THE SWAHILI PEOPLE
The Swahili people live in Tanzania and Kenya along the coastal towns of Mombasa and Malindi. They can also be found in some Indian Ocean islands like Pemba, Lamu and Zanzibar. The Swahili are Islam and most of their cultures including food, clothing and marriage are guided by religion. They speak the Swahili language also known as Kiswahili which is a mixture of Hindi, Arabic and Portuguese.
The Swahili people are Islam are therefore forbidden to eat pork or take any kind of alcohol. Since the Swahili live near the Indian Ocean, their main food is fish and rice. Their favorite dishes are Pilau and Wali. Pilau is a rice dish that is cooked with a variety of exotic spices like ginger root and garlic. Other ingredients in Pilau include beef, tomatoes, potatoes, onions and salad oil. Wali is also a delicious rice dish that is cooked in coconut oil and just like Pilau, it is served with thick meat stew or fish. Goat meat and chicken are reserved for special occasions like weddings. There are other foods that can be found in the Swahili homes and they include beans, vegetables and fruits. They also grow coconuts and mangoes that are the sweetest in the whole of the East African region.
Just like in every aspect of the Swahili people, religion guides their dressing code. The men wear long white robes or kaftans. Traditionally, these robes are known as kanzu. On their heads, they wear little round hats decorated with elegant stitch work. Religion is a bit relaxed on men and they can wear modern pants and shirts on all other days except Friday which is their worship and prayer day. The women’s traditional attire is a long black dress that covers the whole body completely known as buibui. They cover their heads and neck with a hijabu or a cloth that is also black in color. They sometimes cover their faces with a veil leaving only their eyes exposed. Religion is very strict on women and doesn’t allow any other dress code regardless of whether it’s a Friday or not.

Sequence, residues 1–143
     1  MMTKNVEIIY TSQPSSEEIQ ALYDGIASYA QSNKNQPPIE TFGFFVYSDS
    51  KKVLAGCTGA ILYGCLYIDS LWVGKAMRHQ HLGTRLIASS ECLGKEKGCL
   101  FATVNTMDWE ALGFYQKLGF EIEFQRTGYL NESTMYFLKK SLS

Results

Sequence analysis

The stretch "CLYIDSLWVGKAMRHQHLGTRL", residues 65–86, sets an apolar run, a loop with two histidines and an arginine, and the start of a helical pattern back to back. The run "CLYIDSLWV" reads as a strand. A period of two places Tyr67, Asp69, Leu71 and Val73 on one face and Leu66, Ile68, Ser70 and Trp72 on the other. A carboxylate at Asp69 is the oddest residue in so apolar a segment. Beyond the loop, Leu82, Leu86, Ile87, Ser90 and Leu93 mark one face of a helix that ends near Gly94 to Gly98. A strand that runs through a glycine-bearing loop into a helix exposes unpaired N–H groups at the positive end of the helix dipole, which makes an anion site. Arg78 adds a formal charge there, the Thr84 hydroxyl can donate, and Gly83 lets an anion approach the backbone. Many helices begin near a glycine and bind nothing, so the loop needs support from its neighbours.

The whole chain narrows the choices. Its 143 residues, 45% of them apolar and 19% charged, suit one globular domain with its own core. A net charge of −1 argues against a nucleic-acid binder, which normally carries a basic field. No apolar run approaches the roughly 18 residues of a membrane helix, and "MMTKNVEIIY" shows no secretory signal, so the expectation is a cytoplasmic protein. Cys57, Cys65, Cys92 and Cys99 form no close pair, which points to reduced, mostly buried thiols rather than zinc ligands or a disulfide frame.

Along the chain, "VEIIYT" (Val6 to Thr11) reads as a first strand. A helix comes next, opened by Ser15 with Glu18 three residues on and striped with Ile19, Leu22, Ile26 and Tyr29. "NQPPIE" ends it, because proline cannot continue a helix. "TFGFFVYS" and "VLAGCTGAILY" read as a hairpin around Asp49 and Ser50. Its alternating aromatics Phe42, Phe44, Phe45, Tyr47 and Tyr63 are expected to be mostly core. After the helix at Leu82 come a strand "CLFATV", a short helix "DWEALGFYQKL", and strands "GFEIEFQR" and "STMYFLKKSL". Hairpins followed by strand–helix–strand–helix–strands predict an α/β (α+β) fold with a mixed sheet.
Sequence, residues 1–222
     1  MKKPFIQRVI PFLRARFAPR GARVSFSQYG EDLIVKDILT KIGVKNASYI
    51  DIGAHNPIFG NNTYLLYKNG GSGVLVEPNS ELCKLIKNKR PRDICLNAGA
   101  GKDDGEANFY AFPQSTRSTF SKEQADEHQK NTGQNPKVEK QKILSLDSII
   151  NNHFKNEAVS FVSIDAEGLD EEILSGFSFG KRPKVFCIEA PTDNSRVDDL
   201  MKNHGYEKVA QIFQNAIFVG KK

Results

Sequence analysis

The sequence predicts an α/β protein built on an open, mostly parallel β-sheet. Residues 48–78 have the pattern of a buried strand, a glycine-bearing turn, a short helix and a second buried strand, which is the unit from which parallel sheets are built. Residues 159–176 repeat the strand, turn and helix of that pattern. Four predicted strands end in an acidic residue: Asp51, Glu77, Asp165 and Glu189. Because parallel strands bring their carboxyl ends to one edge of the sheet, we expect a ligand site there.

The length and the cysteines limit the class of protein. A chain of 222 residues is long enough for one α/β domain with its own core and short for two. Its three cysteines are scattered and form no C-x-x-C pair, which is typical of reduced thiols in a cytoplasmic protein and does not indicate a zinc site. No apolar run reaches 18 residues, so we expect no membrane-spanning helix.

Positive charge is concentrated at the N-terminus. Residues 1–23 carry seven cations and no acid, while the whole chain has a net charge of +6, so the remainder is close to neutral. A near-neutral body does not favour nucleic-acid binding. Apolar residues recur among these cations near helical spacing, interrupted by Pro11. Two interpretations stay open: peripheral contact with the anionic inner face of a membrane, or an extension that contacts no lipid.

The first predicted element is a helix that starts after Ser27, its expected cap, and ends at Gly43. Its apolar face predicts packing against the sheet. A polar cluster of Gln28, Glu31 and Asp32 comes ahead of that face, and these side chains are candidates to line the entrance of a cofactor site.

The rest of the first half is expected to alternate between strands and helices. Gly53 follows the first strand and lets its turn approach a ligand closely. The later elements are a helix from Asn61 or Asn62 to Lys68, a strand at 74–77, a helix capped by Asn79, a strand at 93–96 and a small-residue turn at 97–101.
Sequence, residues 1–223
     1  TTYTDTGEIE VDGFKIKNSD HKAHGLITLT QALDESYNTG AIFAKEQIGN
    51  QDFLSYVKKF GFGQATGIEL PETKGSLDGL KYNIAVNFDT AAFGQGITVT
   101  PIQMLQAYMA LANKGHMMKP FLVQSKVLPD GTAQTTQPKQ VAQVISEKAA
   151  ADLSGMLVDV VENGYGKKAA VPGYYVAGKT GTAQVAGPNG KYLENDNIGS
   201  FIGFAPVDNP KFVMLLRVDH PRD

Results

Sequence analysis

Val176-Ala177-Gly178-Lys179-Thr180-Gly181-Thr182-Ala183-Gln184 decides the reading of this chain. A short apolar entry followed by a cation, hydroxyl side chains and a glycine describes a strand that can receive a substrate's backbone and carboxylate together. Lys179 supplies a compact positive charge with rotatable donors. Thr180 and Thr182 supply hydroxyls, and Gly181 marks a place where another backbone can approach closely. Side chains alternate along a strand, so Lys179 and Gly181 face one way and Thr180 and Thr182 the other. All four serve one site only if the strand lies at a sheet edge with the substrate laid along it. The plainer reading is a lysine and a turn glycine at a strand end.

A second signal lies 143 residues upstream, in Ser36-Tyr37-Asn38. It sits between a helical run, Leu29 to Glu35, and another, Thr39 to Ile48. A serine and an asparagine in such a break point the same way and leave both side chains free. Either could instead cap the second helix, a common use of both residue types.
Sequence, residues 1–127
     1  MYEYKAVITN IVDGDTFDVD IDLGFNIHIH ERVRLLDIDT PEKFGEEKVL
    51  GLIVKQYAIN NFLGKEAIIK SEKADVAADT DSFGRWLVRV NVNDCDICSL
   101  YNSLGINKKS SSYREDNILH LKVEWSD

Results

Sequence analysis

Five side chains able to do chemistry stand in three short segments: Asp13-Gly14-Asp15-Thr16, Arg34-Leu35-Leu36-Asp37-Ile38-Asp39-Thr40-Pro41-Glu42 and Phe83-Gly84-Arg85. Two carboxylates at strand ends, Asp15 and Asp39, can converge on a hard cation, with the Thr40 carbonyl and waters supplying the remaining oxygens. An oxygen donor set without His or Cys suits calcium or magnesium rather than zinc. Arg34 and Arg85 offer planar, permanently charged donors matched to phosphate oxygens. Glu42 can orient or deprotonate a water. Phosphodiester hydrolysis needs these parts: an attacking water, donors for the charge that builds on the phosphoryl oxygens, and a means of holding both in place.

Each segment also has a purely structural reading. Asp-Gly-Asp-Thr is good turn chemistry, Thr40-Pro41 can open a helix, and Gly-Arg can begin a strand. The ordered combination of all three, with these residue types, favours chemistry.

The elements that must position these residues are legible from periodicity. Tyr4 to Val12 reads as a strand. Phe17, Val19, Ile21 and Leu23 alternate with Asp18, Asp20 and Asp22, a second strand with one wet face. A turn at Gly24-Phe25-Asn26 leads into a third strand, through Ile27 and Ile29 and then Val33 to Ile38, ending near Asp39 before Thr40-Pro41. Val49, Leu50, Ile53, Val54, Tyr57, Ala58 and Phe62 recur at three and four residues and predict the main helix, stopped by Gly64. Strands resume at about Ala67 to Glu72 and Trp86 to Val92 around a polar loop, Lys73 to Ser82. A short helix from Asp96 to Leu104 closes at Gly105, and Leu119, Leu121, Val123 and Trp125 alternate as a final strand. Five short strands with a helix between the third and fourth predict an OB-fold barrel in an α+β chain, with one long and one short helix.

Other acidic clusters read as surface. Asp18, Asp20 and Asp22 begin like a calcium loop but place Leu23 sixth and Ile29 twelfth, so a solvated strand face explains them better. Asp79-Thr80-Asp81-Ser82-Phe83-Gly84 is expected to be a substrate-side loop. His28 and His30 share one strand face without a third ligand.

SWAHILI FESTIVALS, HOLIDAYS AND CELEBRATIONS
NEW YEAR’S EVE:
The Swahili celebrate New Year’s Eve with wonderful parties and weddings. There is music, food and dance everywhere and tourists and other visitors are usually present and most welcome.
Maulidi is a religious festival that is very important to the Swahili people. It is a yearly festival that celebrates the birth of Prophet Mohammed and it takes place in Lamu Island in March. Thousands of Muslims come from all over Kenya and other neighboring countries to take part in religious recitations and narrations. There is music and dance and at the very last day everyone goes to pay their respects at the tomb of Habib Swaleh the inventor of this festival.
EID UL-FITR/ EID MUBARAK
This festival comes at the last day of the holy month of Ramadan. During this month, every healthy Muslim over the age of twelve is not supposed to eat or drink anything including water the whole day. You can however eat as much as you want after sunset and very early in the morning before sunrise. After a whole month of fasting, the fast is broken and is marked with a public holiday known as Eid-ul-Fitr or Eid Mubarak where all Swahili delicacies are served in plenty and food is shared with the poor people regardless of whether they are Muslims or not. The festivities that accompany this day can only be compared with Christmas.
FAMOUS SWAHILI STORIES
The Swahili are great storytellers and use their stories to entertain each other well as teach the younger generation. Some of these stories include Nyamghondho and Abunwasi.
Nyamghondo was a young Swahili fisherman who was very poor. He hardly ever had any food because there was very little fish in the Indian Ocean. One day, he managed to catch a tiny little fish and he was very happy because he had not eaten anything in three days. Just as he was about to put it in his basket, the little fish spoke out,
“Nyamghondho, please do not eat me for dinner, I am very small and my mother will be very sad if I fail to return home,”
Nyamgondho was very hungry but he felt so sorry for the little fish that he put it back into the sea immediately and prepared to sleep hungry again. The little fish thanked him and dived back into the water happily. After a while, Nyamghondo was shocked to see a very beautiful woman coming out of the sea accompanied by hundreds of cows and goats. He was preparing to run when the beautiful woman spoke,